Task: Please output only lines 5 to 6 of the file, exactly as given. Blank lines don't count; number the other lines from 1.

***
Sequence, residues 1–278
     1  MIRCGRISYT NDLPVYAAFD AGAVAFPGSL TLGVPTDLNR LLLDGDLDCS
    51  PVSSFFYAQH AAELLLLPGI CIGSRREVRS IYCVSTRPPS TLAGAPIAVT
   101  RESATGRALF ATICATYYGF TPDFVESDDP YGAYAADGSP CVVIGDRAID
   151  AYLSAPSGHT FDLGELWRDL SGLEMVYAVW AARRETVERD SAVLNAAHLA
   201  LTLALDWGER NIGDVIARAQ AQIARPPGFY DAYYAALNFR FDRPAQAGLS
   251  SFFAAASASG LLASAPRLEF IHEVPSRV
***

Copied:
   151  AYLSAPSGHT FDLGELWRDL SGLEMVYAVW AARRETVERD SAVLNAAHLA
   201  LTLALDWGER NIGDVIARAQ AQIARPPGFY DAYYAALNFR FDRPAQAGLS